NEW YORK (GenomeWeb) – A team led by researchers at Emory University have sequenced the genome of the sooty mangabey, comparing the DNA to other primates including humans to further research in AIDS resistance.
In contrast to infections with human immunodeficiency virus (HIV) in humans and simian immunodeficiency virus (SIV) in macaques, SIV infection of a natural host, sooty mangabeys (Cercocebus atys), is non-pathogenic despite high viremia. Previous genetic analysis has demonstrated HIV infection of humans appeared through cross-species transmissions of SIV from nonhuman primates, including chimpanzees and sooty mangabeys.
In a study published in Nature this week, the researchers conducted genome-wide comparative analyses of transcript assemblies from mangabeys and AIDS-susceptible species, to identify candidates for host genetic factors that influence susceptibility.
Led by Guido Silvestri, chief of microbiology and immunology at the Yerkes research center at Emory, the team identified several immune-related genes in the mangabey that highlight sequence divergence from macaques (Macaca mulatta) or humans. The most marked variations in the amino acid sequence of mangabeys compared to macaques included immune-regulatory protein intercellular adhesion molecule 2 (ICAM-2) and toll-like receptor-4 (TLR-4).
According to the study, ICAM-2 is a transmembrane glycoprotein expressed on various immune cells and "implicated in lymphocyte homing and recirculation." The team found a misalignment of the ICAM-2 proteins between the two species of primates, and further confirmed the expression of the protein's truncated form in additional mangabey genome sequences.
To test whether the observed genetic difference in ICAM-2 has functional consequences, the team measured ICAM-2 surface expression on immune cells from humans, macaques, and sooty mangabeys, with an antibody that recognizes a conserved epitope between the species. The study noted that the deletion in the ICAM-2 gene is unique to sooty mangabeys, and is not present in other SIV natural hosts or other primates, including baboons and macaques.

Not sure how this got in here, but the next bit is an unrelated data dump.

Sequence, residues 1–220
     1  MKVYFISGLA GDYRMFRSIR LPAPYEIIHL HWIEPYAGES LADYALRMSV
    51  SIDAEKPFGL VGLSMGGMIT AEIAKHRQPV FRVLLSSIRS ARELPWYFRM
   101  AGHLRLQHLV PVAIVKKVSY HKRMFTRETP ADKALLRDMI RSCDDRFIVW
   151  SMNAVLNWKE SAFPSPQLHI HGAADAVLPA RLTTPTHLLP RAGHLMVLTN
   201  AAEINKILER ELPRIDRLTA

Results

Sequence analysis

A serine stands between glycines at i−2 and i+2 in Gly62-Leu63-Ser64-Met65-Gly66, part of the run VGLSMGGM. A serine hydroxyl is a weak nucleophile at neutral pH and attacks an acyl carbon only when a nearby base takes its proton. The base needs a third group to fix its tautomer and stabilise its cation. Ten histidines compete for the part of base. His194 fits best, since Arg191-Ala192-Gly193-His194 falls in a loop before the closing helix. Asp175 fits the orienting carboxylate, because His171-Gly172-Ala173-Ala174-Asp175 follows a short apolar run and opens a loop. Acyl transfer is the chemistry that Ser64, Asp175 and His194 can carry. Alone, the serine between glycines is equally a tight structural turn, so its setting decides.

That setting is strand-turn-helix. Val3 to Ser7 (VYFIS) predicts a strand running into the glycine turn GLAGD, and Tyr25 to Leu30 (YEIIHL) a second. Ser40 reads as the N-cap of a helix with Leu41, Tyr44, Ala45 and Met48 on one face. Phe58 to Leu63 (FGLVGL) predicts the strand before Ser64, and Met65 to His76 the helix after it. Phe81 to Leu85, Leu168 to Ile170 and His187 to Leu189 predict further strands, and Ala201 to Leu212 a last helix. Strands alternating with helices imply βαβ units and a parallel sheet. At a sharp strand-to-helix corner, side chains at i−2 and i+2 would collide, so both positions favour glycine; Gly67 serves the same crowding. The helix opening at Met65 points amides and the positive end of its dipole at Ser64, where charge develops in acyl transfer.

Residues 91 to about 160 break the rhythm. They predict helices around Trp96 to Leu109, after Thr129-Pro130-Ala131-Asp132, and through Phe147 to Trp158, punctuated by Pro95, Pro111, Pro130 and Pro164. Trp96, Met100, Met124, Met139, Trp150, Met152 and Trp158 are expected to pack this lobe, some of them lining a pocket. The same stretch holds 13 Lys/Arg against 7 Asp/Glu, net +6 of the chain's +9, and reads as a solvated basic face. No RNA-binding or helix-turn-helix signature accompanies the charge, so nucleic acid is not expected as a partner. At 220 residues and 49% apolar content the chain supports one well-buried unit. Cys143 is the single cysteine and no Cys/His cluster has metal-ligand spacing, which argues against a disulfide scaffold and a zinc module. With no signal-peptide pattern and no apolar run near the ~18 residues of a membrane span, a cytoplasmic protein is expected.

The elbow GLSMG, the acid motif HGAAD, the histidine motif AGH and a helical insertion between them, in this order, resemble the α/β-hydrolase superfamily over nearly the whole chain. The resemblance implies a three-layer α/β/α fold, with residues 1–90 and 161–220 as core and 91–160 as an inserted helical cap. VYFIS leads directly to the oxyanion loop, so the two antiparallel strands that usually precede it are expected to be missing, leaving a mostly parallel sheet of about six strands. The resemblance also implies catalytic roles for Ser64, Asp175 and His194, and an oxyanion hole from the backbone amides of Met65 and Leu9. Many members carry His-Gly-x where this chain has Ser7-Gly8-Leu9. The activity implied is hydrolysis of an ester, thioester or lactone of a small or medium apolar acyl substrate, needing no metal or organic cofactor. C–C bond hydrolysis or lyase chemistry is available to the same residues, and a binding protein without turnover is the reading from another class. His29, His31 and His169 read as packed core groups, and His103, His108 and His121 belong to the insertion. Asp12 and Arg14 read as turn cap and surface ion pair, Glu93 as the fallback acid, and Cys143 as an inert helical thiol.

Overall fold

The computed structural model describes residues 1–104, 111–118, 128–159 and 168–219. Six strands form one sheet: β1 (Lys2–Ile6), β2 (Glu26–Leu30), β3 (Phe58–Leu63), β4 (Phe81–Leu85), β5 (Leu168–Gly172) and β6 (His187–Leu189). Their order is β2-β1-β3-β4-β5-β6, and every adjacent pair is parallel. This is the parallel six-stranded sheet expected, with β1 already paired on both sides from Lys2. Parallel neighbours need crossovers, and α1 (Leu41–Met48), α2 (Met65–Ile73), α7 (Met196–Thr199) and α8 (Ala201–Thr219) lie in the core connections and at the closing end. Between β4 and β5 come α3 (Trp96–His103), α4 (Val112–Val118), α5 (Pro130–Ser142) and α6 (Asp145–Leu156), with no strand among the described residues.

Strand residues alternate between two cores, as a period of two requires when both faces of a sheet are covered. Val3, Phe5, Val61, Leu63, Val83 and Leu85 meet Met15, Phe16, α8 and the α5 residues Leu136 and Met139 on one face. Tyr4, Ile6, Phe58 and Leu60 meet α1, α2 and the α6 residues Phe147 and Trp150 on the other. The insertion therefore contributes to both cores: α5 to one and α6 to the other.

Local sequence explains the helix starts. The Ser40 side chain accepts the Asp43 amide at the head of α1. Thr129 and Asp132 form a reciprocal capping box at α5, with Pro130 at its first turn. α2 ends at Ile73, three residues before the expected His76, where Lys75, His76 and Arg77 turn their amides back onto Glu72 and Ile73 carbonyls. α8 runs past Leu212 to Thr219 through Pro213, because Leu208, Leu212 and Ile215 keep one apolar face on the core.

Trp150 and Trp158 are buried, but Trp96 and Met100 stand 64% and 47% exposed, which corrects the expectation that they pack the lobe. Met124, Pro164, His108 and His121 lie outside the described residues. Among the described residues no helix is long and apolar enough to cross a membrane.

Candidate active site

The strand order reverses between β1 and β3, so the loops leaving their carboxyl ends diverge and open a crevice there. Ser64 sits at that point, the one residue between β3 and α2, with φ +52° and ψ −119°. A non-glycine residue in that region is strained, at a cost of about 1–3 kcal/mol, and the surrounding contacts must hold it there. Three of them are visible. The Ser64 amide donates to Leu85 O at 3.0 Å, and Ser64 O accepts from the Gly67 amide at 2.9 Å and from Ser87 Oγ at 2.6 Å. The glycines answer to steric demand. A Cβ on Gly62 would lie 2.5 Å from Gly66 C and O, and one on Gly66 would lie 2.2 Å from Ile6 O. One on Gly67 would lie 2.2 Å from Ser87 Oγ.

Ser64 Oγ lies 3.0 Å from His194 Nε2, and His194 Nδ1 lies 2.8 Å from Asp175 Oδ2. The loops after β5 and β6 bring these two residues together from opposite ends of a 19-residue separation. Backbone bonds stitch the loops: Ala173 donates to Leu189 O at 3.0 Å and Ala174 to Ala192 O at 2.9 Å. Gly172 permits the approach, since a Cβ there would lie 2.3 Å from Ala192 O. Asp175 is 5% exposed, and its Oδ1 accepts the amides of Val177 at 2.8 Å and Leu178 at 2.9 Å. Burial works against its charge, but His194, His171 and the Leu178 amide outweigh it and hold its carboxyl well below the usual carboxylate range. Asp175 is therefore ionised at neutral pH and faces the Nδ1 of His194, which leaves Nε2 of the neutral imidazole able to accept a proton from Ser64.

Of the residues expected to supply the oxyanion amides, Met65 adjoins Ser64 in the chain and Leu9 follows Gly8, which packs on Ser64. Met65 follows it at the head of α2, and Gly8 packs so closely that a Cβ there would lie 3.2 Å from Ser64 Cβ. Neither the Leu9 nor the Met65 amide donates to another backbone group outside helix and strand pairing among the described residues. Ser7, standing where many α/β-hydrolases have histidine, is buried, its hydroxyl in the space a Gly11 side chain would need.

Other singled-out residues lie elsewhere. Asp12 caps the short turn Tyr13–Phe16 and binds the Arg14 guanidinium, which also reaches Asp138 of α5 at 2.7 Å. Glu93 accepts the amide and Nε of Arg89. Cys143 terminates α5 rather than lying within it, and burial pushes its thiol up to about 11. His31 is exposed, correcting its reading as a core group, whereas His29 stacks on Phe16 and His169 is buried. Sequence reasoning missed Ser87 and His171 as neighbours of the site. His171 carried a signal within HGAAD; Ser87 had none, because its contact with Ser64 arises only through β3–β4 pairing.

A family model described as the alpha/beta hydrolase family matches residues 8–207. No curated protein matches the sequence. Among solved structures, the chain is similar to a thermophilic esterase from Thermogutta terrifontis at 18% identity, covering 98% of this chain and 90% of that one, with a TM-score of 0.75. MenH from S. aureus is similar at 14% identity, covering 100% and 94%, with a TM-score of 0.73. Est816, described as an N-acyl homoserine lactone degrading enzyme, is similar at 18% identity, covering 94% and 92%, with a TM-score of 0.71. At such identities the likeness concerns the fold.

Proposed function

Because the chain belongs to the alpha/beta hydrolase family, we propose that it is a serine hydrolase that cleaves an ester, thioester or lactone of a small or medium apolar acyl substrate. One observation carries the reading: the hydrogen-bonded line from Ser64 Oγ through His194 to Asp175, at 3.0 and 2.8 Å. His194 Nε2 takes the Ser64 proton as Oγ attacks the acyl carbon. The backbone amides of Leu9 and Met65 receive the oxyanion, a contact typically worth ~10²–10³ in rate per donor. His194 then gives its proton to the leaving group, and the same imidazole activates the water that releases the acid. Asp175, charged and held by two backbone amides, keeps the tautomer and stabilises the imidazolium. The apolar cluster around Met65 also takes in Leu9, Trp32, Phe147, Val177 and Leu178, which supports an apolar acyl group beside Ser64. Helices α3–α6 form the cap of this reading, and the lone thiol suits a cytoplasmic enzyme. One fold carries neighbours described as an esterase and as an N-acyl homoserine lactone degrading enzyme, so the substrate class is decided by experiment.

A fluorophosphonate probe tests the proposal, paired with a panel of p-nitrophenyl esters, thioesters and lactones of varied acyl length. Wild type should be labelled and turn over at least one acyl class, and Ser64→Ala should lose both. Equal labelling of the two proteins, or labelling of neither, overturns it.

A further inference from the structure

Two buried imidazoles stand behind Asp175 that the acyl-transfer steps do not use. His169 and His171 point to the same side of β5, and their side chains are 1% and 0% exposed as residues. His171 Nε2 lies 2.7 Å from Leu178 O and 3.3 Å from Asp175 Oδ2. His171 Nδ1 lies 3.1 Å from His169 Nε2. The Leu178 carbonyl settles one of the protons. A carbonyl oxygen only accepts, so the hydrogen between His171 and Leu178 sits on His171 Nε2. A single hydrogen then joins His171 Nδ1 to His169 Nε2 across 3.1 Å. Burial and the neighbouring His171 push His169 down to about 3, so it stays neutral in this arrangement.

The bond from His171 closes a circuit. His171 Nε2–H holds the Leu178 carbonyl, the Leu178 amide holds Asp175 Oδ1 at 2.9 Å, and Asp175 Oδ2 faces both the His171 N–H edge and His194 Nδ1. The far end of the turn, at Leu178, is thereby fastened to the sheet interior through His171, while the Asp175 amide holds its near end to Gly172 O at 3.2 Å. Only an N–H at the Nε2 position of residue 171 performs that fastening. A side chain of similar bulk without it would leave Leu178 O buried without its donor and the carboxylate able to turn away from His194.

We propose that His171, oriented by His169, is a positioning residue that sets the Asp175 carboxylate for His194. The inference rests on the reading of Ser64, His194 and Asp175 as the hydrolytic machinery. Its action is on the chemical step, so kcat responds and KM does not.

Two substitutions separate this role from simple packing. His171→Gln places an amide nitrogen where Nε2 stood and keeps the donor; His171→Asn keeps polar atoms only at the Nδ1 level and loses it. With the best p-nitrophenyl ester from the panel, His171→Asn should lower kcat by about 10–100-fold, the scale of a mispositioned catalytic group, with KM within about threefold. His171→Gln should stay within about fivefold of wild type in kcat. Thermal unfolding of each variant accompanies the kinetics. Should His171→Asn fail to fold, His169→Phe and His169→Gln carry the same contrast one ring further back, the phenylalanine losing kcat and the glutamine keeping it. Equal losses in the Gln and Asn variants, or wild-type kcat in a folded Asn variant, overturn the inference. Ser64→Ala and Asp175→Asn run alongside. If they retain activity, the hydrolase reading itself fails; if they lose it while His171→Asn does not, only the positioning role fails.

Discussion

Afterward, the team examined alterations of the TLR-4 protein in the sooty mangabey genome. The gene usually triggers activation of pro-inflammatory cytokine induction, maturation, and activation in macrophages, dendritic cells, and other immune cells in response to lipopolysaccharides (LPS) on gram-negative bacteria.
According to the study, "during pathogenic HIV or SIV infections, exacerbated TLR-4 stimulation and concomitant pro-inflammatory signaling elicited by microbial translocation is considered a primary mechanism that underlies HIV-induced chronic immune activation." In the sooty mangabey gene, however, the team found that the variation reduced mRNA expression and secretion of LPS tumor necrosis factor gene in the cells.
The study's results suggest that an inhibited form of TLR-4 might reduce immune activation in the sooty mangabeys as a response to SIV infection. The sooty mangabeys shared the genetic TLR-4 alteration with other SIV natural hosts, including vervets, drills, and colobus monkeys.
The researchers believe that the data provides a resource for comparative genomic studies of HIV and SIV pathogenesis, and may help clarify mechanisms and identify pathways that SIV-infected mangabeys use to avoid AIDS. The team is planning future sequencing projects that look at additional natural host species.
Silvestri's team believes studying SIV and how its natural hosts coexist could potentially lead to improvements in long-term care of patients infected with HIV, reduce mother-to-infant transmission, and guide the development of an HIV vaccine.